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Delta communities brace for more rain

With more than 1,300 miles of levees in the Sacramento/San Joaquin Delta, residents are being cautious as more rain moves in and snow melts.

ISLETON, Calif. — Surrounded by more than 1,300 miles of levees that make up the Sacramento/San Joaquin Delta, Craig Watson, an employee at Isleton's Vieria's Resort, spent Friday morning preparing for the incoming weekend storms

"We never know how much water is going to come into the system from Folsom because we have the north fork, middle fork and south fork running in and Folsom is relatively high," said Watson. "With the snowmelt, we've had at 7,000 feet, we just want to make sure everyone on this island is protected."

The resort consists of a boat launch, boat slips, a small market, a restaurant and a mobile home community that Watson has called home for seven years.

"We came close to [going underwater] in 2017, but we survived it when a lot of places in California didn't," said Watson as clouds covered the sky above the Sacramento County resort Friday morning. "Even after New Year's when there was a lot of flooding going on in Santa Cruz, Capitola, Acampo and everywhere else, we survived it just fine. Kind of a big family down there making sure everything worked fine."

Watson says that once waters from the rising Sacramento River start to spill over its usual banks, a metal floodgate reinforced by sandbags should keep the area clear. He adds if water were to break the gate and flood, the island can quickly turn into a dangerous "soup bowl" that would take more than a month to pump out.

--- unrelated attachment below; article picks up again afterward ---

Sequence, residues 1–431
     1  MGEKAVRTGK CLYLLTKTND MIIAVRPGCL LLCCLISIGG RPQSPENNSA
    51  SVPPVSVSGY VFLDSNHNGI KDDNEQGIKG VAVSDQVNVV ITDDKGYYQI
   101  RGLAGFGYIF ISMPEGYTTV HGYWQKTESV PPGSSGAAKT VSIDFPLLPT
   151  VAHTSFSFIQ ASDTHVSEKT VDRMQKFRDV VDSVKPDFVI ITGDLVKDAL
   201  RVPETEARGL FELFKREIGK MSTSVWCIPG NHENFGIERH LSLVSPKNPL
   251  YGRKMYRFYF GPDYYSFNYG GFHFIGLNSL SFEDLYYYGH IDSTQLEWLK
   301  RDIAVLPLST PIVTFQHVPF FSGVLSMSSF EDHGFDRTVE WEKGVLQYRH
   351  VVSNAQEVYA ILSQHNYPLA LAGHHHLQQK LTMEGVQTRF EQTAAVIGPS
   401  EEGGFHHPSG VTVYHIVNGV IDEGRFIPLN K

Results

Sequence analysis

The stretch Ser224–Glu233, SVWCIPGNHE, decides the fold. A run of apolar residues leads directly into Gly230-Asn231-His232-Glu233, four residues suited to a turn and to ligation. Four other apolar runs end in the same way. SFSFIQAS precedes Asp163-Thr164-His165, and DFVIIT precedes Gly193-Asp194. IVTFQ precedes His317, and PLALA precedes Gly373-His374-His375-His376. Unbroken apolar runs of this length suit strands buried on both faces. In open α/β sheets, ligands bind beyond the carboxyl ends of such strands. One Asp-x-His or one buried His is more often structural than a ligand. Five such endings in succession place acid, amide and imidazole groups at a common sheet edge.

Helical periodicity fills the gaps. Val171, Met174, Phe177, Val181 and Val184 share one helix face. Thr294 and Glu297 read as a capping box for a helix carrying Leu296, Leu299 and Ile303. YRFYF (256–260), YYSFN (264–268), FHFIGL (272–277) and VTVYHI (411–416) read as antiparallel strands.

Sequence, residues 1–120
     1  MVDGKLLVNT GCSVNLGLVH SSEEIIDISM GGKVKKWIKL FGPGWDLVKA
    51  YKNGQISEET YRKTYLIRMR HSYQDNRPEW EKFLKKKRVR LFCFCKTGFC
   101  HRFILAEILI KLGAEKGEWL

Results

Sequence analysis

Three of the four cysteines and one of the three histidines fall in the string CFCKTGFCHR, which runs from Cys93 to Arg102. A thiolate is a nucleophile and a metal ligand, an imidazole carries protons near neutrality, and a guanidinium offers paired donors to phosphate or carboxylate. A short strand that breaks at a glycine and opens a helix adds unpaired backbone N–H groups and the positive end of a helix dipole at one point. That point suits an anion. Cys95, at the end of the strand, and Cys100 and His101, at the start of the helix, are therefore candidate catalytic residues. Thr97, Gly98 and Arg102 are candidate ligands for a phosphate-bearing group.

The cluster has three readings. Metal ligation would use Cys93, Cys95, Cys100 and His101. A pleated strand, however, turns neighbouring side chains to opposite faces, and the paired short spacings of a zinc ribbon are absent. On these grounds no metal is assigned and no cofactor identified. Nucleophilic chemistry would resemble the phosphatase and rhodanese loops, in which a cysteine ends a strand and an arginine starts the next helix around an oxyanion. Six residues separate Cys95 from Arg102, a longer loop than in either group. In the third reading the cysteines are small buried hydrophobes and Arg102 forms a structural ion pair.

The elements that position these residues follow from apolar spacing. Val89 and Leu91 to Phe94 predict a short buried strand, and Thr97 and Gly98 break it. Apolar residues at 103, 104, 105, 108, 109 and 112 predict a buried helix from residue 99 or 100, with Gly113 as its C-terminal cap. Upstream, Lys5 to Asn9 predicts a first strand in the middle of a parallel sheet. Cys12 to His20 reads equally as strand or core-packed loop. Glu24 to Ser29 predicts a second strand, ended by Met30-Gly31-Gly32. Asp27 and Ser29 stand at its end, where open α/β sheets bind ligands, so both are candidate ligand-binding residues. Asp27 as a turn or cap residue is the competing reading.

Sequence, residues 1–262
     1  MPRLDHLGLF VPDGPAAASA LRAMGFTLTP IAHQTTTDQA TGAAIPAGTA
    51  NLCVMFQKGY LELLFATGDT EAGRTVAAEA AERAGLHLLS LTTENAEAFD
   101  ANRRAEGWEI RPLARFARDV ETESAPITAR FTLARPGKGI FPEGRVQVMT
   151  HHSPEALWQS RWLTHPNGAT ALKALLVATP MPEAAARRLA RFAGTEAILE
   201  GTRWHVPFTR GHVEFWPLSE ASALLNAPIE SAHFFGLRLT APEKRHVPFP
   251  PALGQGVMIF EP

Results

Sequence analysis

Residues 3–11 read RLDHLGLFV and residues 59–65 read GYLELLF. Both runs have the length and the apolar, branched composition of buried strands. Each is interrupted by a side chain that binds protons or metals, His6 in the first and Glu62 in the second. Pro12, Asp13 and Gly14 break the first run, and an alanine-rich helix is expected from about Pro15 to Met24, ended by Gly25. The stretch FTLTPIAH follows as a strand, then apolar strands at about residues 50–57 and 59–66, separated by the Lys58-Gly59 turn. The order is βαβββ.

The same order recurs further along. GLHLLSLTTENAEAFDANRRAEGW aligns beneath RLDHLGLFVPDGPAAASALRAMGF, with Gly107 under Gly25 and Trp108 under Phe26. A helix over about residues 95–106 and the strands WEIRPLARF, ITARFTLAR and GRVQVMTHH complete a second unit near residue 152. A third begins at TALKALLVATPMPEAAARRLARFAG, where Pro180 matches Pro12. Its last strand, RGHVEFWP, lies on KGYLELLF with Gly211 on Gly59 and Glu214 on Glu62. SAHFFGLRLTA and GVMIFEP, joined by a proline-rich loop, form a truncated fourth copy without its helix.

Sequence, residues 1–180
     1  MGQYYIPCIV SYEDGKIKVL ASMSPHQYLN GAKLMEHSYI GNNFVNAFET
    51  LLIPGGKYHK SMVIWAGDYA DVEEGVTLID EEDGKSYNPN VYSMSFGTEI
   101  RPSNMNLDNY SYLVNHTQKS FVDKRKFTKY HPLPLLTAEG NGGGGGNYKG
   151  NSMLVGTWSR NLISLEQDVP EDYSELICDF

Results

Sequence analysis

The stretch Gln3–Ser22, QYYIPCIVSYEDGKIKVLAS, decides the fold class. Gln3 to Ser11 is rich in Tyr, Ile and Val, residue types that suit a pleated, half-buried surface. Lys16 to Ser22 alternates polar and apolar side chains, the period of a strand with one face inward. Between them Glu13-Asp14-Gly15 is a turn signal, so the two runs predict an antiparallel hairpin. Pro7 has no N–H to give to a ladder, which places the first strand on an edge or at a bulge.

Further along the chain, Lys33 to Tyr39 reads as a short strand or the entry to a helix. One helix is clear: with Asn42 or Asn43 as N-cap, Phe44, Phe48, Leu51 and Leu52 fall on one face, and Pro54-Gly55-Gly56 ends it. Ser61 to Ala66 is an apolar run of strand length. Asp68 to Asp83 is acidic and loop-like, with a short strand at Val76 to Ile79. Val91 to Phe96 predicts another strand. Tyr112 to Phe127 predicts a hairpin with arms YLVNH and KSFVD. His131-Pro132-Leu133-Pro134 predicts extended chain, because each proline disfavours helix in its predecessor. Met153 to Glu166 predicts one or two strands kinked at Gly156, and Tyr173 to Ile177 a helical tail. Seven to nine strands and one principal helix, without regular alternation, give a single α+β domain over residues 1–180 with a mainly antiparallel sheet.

"We have our gates up on the ramp which is actually the lowest part of the island," said Watson. "I think we're in really good shape, It's just a little dicey with a possible atmospheric river coming in on Monday and Tuesday so we just like to stay ahead of the game so we don't have to hustle at the very end."

Meanwhile, 14 miles down the road at Walnut Grove's New Hope Landing RV Park and Marina, workers have already prepared for the worst. 

A low-lying, riverside lot that is typically filled with RVs and mobile homes was relocated in recent days in anticipation of flooding along the Mokeulmne River.

The boat slips at New Hope Landing were closed Friday.

With more rain on the way, Watson says he hopes his neighbors heed caution from officials and prepare just in case.

"Keep an eye on the weather, be prepared and have all your medication ready to go in case you have to evacuate and whatever necessities you need," said Watson. "We're just waiting for April to show up, then summer to show up and then wait for next year."

Watch more from ABC10: The Floating Highway | Bartell's Backroads

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